To reach that level, evaluates Tilo Bonow, an investor specializing in technology startups, he needs to improve the quality of products such as virtual reality glasses. “They’re horrible to use,” he says. In addition, he points out that technology is lacking to show consumers what it came to. “It has to answer the question ‘What’s in it for me?’

Another challenge is interoperability between platforms. If the idea is to create avatars to represent people in virtual worlds, it would be necessary to create the paths for their digital properties to be transported from one system to another. Otherwise, an accessory purchased in one universe would be restricted to that universe and would need to be purchased again to appear elsewhere.

“Today, they function as disconnected islands”, says Markus Peuler, CEO of Nexr Technologies, specialized in creating virtual environments.

The difficulty in adoption appears in the numbers. One of the main platforms in the field, Horizon Worlds from Meta (which owns Facebook) reached 300,000 users in February last year, three months after its launch, but then slipped. In its most recent public test, in August of last year, the Sandbox registered 360,000.

For comparison, ChatGPT hit 100 million users about two months after its launch.

Even with the uncertainty, the expectation is for growth in both usage and finance. Forecast by consultancy Gartner estimates that, by 2026, 25% of people will spend at least one hour a day in the metaverse.

The PWC consultancy puts this market at a value of US$ 8 to 13 trillion (R$ 41 to 67 trillion) until 2030. McKinsey suggests a more conservative figure of US$ 5 trillion (R$ 26 trillion) in the same period, citing that more than US$ 120 billion (R$ 615 billion) were poured into the sector in 2022 — of these, about US$ 100 billion (R$ 515 billion) in mergers and acquisitions of companies.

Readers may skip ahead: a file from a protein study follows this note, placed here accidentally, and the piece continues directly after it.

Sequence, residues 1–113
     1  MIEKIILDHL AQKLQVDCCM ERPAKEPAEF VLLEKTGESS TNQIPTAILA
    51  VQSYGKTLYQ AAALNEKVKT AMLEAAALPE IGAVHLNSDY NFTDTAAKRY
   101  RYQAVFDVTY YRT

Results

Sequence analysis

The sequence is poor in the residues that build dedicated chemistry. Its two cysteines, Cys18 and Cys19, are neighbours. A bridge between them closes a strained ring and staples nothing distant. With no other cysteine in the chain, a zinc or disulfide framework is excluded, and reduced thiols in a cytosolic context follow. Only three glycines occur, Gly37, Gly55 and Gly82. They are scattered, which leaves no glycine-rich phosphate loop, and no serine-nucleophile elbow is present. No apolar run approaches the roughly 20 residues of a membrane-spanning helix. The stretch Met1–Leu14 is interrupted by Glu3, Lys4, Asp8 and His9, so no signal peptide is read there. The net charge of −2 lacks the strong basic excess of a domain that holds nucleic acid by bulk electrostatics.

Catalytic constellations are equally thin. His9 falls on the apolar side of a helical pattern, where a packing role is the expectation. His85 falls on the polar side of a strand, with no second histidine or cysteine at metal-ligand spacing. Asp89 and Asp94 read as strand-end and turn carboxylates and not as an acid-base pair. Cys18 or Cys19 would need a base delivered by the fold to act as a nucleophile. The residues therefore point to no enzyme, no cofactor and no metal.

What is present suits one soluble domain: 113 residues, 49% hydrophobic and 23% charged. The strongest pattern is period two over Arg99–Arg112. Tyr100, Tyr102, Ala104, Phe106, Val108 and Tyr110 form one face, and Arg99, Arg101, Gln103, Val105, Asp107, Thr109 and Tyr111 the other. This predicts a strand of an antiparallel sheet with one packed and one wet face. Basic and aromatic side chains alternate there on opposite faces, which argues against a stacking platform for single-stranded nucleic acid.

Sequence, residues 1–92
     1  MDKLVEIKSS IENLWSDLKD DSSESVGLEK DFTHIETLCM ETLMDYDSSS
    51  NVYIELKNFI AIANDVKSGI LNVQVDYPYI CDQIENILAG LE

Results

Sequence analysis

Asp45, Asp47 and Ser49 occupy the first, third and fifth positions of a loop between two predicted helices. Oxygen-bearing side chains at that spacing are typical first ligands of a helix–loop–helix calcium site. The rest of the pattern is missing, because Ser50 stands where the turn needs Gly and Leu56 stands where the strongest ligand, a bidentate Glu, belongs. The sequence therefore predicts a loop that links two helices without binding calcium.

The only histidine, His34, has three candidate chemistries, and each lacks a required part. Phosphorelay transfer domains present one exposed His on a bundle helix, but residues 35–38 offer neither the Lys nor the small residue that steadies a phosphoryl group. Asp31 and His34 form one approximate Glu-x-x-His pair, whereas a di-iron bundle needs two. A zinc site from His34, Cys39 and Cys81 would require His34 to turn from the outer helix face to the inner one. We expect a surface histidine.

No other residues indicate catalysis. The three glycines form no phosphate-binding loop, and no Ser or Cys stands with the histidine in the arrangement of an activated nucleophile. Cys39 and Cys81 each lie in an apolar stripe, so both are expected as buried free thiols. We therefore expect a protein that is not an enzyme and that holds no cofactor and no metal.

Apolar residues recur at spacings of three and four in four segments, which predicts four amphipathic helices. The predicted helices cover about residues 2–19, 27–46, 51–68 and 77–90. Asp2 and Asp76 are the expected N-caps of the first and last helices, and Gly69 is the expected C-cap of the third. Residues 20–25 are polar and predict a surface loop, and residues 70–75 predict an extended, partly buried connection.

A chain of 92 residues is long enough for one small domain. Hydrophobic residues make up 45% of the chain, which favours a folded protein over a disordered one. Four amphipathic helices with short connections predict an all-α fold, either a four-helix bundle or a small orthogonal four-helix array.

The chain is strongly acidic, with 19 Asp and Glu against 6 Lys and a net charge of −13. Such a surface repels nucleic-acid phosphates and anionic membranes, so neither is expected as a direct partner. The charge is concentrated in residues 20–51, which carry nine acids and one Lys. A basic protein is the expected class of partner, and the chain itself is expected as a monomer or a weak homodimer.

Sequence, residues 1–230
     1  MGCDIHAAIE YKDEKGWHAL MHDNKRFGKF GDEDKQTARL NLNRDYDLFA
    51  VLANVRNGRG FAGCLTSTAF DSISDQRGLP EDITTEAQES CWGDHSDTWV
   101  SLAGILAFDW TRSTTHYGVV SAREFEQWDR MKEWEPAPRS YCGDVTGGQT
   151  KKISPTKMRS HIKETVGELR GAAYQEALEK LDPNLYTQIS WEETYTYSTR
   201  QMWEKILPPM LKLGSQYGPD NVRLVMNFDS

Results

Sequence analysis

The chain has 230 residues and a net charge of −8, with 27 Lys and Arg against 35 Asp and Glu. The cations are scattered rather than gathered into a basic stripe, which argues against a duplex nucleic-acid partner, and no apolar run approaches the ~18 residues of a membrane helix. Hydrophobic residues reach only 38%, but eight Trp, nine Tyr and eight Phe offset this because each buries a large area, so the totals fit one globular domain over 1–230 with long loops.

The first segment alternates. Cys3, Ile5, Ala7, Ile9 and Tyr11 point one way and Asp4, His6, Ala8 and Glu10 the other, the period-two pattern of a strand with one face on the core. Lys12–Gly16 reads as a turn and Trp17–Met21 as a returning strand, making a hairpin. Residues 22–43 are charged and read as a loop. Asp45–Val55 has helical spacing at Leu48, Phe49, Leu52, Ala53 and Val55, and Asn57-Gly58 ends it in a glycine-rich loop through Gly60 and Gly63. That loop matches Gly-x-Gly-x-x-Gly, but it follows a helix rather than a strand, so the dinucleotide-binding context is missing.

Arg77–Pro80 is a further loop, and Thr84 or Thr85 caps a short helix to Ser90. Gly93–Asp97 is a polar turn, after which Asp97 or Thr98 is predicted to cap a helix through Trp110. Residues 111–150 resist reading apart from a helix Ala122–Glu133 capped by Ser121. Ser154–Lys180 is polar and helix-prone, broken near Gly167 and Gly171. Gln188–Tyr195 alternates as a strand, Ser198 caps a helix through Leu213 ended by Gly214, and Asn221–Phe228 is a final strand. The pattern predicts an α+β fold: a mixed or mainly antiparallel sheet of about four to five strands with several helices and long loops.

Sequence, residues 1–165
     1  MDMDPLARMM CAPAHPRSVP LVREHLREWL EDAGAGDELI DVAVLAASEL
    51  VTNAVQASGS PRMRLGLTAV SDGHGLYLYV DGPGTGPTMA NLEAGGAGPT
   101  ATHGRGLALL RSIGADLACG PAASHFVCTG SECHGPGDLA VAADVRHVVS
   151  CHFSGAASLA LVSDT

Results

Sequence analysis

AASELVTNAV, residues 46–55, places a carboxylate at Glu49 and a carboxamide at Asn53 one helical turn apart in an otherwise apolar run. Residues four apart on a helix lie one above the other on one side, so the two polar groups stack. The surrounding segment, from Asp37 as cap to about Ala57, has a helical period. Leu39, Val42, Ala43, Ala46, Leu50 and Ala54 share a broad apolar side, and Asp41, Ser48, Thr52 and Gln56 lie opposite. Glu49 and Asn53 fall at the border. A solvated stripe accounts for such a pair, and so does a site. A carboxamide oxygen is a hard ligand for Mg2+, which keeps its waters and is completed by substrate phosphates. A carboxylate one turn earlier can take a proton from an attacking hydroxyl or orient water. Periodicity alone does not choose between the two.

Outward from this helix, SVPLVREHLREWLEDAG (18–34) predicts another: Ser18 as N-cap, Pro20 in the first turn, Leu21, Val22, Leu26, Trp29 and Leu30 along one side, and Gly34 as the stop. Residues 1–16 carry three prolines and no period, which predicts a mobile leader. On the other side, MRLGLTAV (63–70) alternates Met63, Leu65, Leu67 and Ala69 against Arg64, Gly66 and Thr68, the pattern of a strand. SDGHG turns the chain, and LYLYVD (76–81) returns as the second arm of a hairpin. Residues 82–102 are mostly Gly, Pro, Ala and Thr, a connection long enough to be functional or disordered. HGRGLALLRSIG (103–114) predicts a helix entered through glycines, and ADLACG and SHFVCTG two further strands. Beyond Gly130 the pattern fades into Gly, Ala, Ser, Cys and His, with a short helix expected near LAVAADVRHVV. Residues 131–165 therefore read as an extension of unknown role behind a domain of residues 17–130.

This growth is associated with Web 3.0 ideas, which include the use of cryptocurrencies for transactions on metaverse platforms and NFTs, a kind of digital token that marks the ownership of some good.

The NFTs category has gained prominence in recent years by indicating the ownership of virtual images, but specialists defend other applications for them, mainly in interactions between physical and digital environments. It can serve to guarantee the authenticity of a product, or else to make something that was actually purchased also exist in the metaverse (for example, a character to use a sneaker equal to the human who controls it).

With few practical applications, limited audience, and a concept that spans many different applications, it’s difficult to predict what will come to the metaverse. There is also a great perception of enthusiasm —called “hype”—with the area.

“We need a ‘winter’ so that the best companies can emerge. There is a lot of noise in between”, says Erik Huberman, CEO of Hawke Media, a marketing consultancy that advises brands on strategies involving this digitization.

In technology, “winters” refer to low times. Artificial intelligence, conceived in the middle of the last century, went through two of these periods before the 2000s. After breaches of expectations regarding what the technology could deliver, investments in the area dwindled. It came back to prominence only in the last decade.

Experts often cite a presentation by the Gartner consultancy called the “hype cycle”. In it, after a technology appears, it goes through a peak of inflated expectations, followed by a low caused by disillusionment. After that period, it grows back as it matures, until it can be really useful. The metaverse appears to be nearing the peak of the second stage.

Journalist traveled at the invitation of Huawei